Young cast hits the mark in funny college-set film Drunk Bus

Movies about young people doing crazy things while at college have a long history, from Animal House to Revenge of the Nerds to Old School to Neighbors. As that list of four attests, fraternities (and sometimes sororities) are often the focus of such films, something that can still be funny, but can wind up feeling redundant. The new film Drunk Bus goes in a different direction, much to its benefit.

Every night, Michael (Charlie Tahan) drives a bus carrying drunk college kids around the campus of the fictional Kent Institute of Technology in Ohio. As if that thankless job isn’t depressing enough, he’s still obsessing about Amy (Sarah Mezzanotte), his ex-girlfriend who broke up with him nine months ago when she moved to New York City.

The craziness on the bus is usually low-level – singing, yelling, the occasional puking – but when Michael ends up with a black eye from one belligerent jerk, the college hires Pineapple (Pineapple Tangaroa) as a security guard. The Samoan looks the part, as he’s huge, bald, and has a face full of tattoos and piercings, but it’s his outlook on life that has more of an effect on Michael than any physical protection he provides.

Directed by Houston residents John Carlucci and Brandon LaGanke and written by Chris Molinaro, the film has no big mission or message. In fact, very little in the way of plot takes place, but what it lacks in story it makes up for in a big way with characters. The bus has its share of regulars, including Michael’s friends Kat (Kara Hayward) and Justin (Tonatiuh), and FU Bob (Martin Pfefferkorn), an old man in an electric wheelchair whom Michael picks up every night, only to be thanked with the more colorful version of “FU.”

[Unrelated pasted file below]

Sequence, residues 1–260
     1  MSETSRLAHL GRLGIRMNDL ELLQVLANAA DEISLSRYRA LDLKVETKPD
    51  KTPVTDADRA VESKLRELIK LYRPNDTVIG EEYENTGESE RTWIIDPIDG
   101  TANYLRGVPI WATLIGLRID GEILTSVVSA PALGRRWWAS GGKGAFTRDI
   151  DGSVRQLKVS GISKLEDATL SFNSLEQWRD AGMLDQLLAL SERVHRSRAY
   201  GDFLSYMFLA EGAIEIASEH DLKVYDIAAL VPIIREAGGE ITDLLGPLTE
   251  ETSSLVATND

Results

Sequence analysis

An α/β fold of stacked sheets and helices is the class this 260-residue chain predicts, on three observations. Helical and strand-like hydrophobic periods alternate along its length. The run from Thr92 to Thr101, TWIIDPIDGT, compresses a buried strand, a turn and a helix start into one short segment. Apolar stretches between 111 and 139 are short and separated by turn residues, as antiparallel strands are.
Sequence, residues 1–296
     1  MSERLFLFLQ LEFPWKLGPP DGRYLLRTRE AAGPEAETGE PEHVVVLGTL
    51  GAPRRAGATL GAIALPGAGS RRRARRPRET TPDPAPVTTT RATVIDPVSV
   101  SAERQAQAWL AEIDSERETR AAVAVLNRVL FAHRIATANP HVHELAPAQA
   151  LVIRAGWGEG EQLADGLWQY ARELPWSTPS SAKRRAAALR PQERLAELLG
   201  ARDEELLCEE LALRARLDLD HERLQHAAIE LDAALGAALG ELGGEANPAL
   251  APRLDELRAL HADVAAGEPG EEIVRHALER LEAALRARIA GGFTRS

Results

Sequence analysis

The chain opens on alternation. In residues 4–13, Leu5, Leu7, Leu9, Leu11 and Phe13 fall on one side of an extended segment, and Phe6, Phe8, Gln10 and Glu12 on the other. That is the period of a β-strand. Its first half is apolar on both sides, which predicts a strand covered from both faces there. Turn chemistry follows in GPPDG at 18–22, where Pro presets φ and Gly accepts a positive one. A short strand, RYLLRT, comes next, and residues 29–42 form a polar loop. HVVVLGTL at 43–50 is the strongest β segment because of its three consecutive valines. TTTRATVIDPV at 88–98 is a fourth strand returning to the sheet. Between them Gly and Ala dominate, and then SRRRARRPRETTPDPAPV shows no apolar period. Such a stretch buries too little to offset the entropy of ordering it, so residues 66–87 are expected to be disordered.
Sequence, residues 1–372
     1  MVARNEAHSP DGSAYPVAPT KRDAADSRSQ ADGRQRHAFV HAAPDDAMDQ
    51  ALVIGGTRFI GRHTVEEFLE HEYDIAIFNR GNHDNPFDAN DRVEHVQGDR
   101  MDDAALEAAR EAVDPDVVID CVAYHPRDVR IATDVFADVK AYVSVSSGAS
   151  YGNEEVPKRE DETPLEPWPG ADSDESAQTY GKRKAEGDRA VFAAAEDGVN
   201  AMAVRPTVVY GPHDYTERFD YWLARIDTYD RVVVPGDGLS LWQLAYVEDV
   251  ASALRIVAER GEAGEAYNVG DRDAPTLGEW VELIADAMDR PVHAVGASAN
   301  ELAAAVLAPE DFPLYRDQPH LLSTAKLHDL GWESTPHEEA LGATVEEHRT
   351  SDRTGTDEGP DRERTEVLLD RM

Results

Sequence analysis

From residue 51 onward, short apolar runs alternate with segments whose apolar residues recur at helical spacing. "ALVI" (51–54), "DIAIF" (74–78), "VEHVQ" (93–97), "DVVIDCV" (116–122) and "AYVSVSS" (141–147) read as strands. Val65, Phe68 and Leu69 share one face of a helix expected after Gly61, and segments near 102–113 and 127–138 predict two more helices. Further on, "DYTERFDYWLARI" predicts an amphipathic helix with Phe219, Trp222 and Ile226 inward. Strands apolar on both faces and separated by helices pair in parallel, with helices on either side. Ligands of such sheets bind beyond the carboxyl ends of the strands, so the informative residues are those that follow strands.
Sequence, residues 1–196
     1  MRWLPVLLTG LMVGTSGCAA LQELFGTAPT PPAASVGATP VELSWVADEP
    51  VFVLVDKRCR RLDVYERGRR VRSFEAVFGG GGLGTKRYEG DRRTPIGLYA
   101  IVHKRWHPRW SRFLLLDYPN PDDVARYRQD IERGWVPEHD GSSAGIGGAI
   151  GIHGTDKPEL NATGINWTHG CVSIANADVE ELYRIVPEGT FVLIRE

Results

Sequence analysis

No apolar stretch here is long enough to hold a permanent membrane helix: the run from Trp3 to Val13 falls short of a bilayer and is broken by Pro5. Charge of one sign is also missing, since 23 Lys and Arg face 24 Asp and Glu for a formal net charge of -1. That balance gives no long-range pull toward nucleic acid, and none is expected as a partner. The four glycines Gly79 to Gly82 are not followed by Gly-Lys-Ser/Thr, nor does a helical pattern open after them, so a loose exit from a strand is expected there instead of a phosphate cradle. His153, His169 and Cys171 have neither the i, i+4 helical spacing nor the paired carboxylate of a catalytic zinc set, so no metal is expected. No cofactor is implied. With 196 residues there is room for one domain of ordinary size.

Everybody that Michael encounters, along with a renewed text message correspondence with Amy, plays a part in him reevaluating his purpose in life. Again, there’s nothing profound in the changes that he considers, but the way they’re presented make them feel deeper than they are. The filmmakers also do a great job of making the film fun without delving into out-and-out stupidity, a fine line that they tread well throughout.

We rarely see Michael anywhere but on the bus or in his apartment, but the film never feels claustrophobic. The addition of Pineapple broadens the film’s scope in many ways even while the story retains its intimacy. The bond that they create in their nightly journeys is a joy to watch, even as it goes down some awkward roads.

Casting is key for a small film like this, and they hit the mark with all the main roles. Tahan has already impressed in a supporting role on Netflix’s Ozark, but he shows real leading man potential here. Tangaroa seems like he was hired for his intimidating looks, but he’s a good actor who plays this particular part very well. Hayward, who’s been in films like Moonrise Kingdom, Isle of Dogs, and Us, brings a lot of polish to her relatively small role, while Tonatiuh, Mezzanotte, and Pfefferkorn make the most of their time on screen.

Drunk Bus doesn’t reinvent the wheel, but its concept is a breath of fresh air for a genre that can sometimes feel a bit stale. It’s the type of film that can be a launch pad for everybody involved; I can’t wait to see what each of them does next.

Drunk Bus will debut on video on demand on May 21.

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